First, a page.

What opportunities do you see on the horizon?

Disclaimer: We are long FNV and VDSI. This update is for informational purposes only and should not be considered a recommendation for anyone to buy, sell, or hold any equities. I am not a financial professional. Conduct your own research and seek the advice of a professional adviser before investing.

7 thoughts on “A Chicken In Every Pot

  1. Dividends Down Under

    Nice thoughts Bryan, I completely agree! Yields are going up across the board – which just makes them more attractive in my eyes. It will be truly interesting to see what happens over the next few months. We could be looking at a very different stock market by February.

    I will be interested to see what happens in Australia. Our bank share prices have reacted positively (which is worth like a third of our market), but most of the rest of the shares in the market are down.

    Buy buttons may soon be pressed :)

    Tristan
    Dividends Down Under recently posted…“Be greedy when others are fearful”My Profile

    Reply
    1. Income Surfer Post author

      Thanks for the kind words Tristan. I’m glad you enjoyed it. Those rising bond yields are pulling money out of the “bond proxies” like REITs, telecoms, utilities, and general dividend stocks. I think we’ll get a good opportunity in all of them eventually, but I am most interested in REITs because of the inherent inflation hedge.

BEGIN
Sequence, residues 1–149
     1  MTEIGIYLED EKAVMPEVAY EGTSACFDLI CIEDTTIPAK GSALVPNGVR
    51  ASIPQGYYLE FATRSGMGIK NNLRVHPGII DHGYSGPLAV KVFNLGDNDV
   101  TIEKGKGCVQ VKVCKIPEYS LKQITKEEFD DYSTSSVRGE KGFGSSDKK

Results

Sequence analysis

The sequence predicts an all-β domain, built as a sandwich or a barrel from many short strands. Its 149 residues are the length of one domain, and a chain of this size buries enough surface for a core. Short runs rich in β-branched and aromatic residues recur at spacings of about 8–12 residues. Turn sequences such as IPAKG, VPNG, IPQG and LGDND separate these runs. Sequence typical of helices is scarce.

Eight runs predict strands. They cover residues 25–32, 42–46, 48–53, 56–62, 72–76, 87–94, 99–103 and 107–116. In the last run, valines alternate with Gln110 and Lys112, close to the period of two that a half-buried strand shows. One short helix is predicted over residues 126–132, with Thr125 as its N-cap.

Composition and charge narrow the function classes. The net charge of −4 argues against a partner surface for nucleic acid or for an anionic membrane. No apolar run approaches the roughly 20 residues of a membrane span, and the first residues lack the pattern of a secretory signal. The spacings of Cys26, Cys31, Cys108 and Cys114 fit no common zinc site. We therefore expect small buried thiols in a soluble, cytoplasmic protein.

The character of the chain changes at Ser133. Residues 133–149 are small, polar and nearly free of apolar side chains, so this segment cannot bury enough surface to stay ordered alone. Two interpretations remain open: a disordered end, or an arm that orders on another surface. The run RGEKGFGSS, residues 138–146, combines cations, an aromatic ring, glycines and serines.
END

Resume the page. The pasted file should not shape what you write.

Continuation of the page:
I find it very interesting when typically opposing assets move in tandem. We can’t have it all, but the market hasn’t figured that out. Stay tuned :)
      -Bryan

      Reply
  2. Jay

    Thanks for sharing your take, particularly about deficit spending. I also agree that the move in bonds (and yields) has been insane – as well as the corresponding move in banks. The latter have really been languishing, so if they can get running it could be a neat driver for the markets. On the other hand, the pullbacks in the FANG stocks have been pretty serious and I’ll be curious to see if they bounce soon.

    Overall, I continue to be a bit more optimistic than most. Despite all the doom-and-gloom I think the US economy is pushing along okay. I’m very curious to see the results from the holiday shopping season, which might further conic or deny this.
    Jay recently posted…Trend Following Stock Picks for November 2016 (Part 2)My Profile

    Reply
    1. Income Surfer Post author

      I’m glad you enjoyed the post Jay, and appreciate you sharing your thoughts. We’ll see how the holiday season turns out, now that the election uncertainty has been removed. I would guess that the change in retail sales would be pretty muted, but we’ll see. I also think the money pulling out of the FANG stocks has been interesting. For a very long time, those were considered the only growth stocks in the market…..now that the consensus suddenly believes that Trump will at least spur inflation (if not inflation and growth)…..money has been racing to cyclicals. Time will tell which campaign promises his regime decides to pursue.

      I hope you’re having a great week
      -Bryan

      Reply